Her own parents drove across the country to help, and her mother stayed with them for six whole months. They had friends that brought gifts for her child, and others offered to watch her one-year-old since Cheryl was so frequently at the hospital and at appointments. Friends and family who didn’t live near them sent the family frequent words of comfort and love.
Many people also find strength and support in spirituality or religion. Faith or spirituality can be very helpful in coping for some. Cheryl remarked about her faith, “I am so grateful for the gospel and the knowledge of God's plan during that time. I knew no matter what may happen, everything would be okay.”
Helping and supporting your child
The most important thing you can be doing at this time is helping your child. You will best accomplish this by taking breaks and accepting help yourself, as discussed above. Take time to address your child’s concerns and answer his questions. Speak to him about what is happening in a way that is appropriate for his age and level of understanding. The American Cancer Society has some great advice for communicating in age-appropriate ways here.
When asked how she helped her young son, Cheryl said, “I prayed for and tried to have an abundance of patience and stamina. That was absolutely necessary. I cleared my schedule and dedicated my life to comforting him in any way I could.”
Your child will likely feel a range of emotions as he lives with his illness, as well as because many aspects of normal life are altered because of it. Be a safe space for your child to express thoughts and feelings, free from any judgement or shame. Resist the urge to try to change those feelings. Every time your child has difficult feelings, it gives you the opportunity to strengthen your relationship through supporting him. Having a strong and secure relationship with your child will in turn help him build resilience and confidence, and also give him the tools to navigate difficult feelings in the future.
Cheryl kept a blog during her son’s battle with cancer. One story illustrates the need children have for their parents: “He woke up once while they were taking his vitals and was in pain. His little body tensed up and I could tell it hurt when I moved him. He asked to ‘give Mommy hugs,’ which means to hold him chest to chest, bear-hug style, but when I picked him up he was so rigid and stiff and couldn't relax. I called for more pain meds. I asked him where it hurt and all he said was, ‘Mommy kiss it better.’ He's said that a lot the past few days. That has been the hardest part for me.”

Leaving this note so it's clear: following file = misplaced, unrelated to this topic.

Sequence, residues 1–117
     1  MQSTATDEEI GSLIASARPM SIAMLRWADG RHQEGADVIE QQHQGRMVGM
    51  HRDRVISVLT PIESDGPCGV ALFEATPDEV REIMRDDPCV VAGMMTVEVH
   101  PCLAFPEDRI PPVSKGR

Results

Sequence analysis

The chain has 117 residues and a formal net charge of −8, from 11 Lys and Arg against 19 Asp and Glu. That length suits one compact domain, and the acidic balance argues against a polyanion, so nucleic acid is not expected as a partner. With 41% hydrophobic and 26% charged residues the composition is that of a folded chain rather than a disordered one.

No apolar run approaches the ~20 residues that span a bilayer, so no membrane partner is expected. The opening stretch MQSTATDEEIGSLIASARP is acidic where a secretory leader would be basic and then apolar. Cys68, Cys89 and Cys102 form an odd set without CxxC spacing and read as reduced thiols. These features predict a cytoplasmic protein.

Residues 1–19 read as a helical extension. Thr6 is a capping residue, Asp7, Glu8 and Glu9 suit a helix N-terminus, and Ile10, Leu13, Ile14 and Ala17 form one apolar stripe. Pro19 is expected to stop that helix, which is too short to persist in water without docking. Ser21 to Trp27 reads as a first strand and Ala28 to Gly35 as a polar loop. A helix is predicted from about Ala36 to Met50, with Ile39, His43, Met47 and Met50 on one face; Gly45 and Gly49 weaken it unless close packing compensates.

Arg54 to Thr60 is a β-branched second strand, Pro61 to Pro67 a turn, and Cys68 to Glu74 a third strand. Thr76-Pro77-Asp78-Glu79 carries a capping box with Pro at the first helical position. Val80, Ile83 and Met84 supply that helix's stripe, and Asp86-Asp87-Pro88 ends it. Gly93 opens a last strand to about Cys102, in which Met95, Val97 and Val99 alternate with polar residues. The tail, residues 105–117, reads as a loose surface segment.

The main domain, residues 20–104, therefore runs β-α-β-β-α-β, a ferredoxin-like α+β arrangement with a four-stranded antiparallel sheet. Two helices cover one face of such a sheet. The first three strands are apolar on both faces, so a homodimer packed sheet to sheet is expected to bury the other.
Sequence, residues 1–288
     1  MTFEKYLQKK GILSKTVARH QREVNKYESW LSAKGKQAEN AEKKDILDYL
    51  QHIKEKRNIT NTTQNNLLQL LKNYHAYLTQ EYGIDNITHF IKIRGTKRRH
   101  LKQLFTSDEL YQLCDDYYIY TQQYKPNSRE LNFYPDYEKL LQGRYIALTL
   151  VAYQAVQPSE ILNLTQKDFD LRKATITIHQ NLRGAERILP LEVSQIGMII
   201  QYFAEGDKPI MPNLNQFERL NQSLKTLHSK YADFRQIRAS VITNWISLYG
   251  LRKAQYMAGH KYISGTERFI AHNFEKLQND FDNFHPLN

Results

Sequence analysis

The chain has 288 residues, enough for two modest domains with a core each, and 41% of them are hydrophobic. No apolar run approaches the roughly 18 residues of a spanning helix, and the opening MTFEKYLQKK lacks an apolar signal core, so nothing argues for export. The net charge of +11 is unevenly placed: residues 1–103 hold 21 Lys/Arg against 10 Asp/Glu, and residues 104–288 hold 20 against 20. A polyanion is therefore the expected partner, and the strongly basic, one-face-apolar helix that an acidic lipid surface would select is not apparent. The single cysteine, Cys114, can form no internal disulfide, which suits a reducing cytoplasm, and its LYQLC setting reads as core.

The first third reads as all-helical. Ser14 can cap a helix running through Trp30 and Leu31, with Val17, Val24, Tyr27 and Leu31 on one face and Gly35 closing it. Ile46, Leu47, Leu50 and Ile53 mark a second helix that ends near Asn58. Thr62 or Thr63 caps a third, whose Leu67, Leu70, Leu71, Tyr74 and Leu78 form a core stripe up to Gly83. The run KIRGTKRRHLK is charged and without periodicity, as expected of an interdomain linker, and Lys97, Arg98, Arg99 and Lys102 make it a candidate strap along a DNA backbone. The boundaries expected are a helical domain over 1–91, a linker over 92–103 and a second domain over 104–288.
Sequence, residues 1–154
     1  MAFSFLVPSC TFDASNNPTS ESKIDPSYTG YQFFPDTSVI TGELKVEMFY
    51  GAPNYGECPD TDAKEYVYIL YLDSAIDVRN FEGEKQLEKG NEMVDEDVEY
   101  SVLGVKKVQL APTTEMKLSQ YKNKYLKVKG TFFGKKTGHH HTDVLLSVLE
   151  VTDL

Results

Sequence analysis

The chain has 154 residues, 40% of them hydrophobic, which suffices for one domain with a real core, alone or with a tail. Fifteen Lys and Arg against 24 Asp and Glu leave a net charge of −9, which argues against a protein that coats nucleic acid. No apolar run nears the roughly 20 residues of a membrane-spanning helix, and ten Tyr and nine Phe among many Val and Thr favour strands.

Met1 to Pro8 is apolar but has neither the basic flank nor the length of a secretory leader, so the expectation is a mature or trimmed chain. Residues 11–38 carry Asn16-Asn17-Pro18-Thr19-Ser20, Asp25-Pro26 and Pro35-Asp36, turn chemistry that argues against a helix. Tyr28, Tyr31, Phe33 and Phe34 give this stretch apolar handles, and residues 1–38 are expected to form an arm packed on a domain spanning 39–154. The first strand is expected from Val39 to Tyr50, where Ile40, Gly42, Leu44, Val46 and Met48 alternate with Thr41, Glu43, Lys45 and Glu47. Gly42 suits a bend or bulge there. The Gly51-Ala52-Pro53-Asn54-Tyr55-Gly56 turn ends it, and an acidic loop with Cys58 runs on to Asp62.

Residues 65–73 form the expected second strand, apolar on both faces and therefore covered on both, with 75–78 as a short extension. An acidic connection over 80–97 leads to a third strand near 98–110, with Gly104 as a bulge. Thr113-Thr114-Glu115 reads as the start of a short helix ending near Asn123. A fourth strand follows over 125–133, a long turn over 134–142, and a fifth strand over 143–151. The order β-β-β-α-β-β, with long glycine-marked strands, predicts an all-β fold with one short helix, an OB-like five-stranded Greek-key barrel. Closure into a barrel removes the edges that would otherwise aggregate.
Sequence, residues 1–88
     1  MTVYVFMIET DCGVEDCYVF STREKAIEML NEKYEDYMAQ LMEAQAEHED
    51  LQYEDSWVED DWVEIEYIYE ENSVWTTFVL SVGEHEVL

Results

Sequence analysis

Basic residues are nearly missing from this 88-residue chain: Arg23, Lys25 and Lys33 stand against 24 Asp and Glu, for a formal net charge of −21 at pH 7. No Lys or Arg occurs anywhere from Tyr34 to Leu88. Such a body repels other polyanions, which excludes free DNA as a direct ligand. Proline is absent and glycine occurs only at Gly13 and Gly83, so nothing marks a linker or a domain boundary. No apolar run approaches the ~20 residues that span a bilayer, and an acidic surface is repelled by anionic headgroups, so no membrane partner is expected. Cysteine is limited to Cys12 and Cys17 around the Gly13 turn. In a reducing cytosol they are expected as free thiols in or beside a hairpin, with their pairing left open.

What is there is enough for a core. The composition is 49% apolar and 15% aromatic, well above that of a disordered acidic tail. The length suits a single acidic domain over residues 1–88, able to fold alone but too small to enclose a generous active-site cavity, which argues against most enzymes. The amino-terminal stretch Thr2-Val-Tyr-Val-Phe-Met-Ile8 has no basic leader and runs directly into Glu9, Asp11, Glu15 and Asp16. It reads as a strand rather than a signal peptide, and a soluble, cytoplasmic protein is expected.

Helping your child cope with stress, navigate difficult emotions, and express himself could prove to be extremely difficult, especially if you haven’t had a lot of experience with healthy coping and emotional expression yourself. A child life specialist (often employed at pediatric hospitals) or a counselor can help you and your child with this.
Recognize things that comfort your child. It may be a pacifier, blanket, special toy, or favorite book or movie. Whatever comfort object there might be, allow your child to have it readily available. Be sure hospital staff and any other caregivers know ways your child likes to be comforted. Like Cheryl with her son, be there to comfort him yourself as much as possible.
It can also be important to try to incorporate some routine and normalcy into your child’s life. This can include doing schoolwork, socializing with family and friends, playing and being silly, and having some routine to his care. Let your child take opportunities to enjoy being a kid. Find ways for your child to maintain sibling and family relationships.
The ways you can help your child with illness as his mother is monumental. You and your family will be empowered through learning and understanding as much about the illness as you can. As you take care of yourself and to seek and accept help from others, you will better be able to care for your child and be there for them. You can play an important, unmatched role of providing support and comfort to your child during this very difficult time.